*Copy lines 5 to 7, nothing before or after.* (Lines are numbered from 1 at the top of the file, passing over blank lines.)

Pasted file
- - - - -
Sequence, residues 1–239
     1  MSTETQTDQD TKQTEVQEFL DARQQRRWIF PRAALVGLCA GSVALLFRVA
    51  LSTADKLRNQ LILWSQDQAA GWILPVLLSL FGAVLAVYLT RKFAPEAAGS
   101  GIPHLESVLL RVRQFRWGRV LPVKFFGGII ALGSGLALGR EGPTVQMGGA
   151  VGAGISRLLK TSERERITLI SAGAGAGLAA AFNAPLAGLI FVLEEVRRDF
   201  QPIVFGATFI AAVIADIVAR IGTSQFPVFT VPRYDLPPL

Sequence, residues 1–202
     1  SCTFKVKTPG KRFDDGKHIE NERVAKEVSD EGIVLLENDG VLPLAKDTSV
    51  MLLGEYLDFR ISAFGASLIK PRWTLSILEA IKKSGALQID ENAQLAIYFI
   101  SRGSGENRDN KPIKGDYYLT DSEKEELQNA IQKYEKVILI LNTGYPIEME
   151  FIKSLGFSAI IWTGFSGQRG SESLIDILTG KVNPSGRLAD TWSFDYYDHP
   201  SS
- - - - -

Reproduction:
   151  VGAGISRLLK TSERERITLI SAGAGAGLAA AFNAPLAGLI FVLEEVRRDF
   201  QPIVFGATFI AAVIADIVAR IGTSQFPVFT VPRYDLPPL

Sequence, residues 1–202